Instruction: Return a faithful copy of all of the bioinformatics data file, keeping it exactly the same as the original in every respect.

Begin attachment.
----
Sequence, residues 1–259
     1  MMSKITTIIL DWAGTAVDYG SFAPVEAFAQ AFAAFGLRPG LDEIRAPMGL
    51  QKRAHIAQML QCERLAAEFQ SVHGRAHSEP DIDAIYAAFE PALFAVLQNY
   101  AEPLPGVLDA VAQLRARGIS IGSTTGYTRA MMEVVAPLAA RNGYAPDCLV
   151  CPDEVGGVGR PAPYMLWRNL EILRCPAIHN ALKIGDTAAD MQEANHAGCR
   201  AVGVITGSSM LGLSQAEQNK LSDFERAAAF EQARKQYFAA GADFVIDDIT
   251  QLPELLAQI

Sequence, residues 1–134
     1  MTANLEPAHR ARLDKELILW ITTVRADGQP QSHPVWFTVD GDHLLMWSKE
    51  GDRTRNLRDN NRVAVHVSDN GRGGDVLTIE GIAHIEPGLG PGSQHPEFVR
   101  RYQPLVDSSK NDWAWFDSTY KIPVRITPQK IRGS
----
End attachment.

Sequence, residues 1–259
     1  MMSKITTIIL DWAGTAVDYG SFAPVEAFAQ AFAAFGLRPG LDEIRAPMGL
    51  QKRAHIAQML QCERLAAEFQ SVHGRAHSEP DIDAIYAAFE PALFAVLQNY
   101  AEPLPGVLDA VAQLRARGIS IGSTTGYTRA MMEVVAPLAA RNGYAPDCLV
   151  CPDEVGGVGR PAPYMLWRNL EILRCPAIHN ALKIGDTAAD MQEANHAGCR
   201  AVGVITGSSM LGLSQAEQNK LSDFERAAAF EQARKQYFAA GADFVIDDIT
   251  QLPELLAQI

Sequence, residues 1–134
     1  MTANLEPAHR ARLDKELILW ITTVRADGQP QSHPVWFTVD GDHLLMWSKE
    51  GDRTRNLRDN NRVAVHVSDN GRGGDVLTIE GIAHIEPGLG PGSQHPEFVR
   101  RYQPLVDSSK NDWAWFDSTY KIPVRITPQK IRGS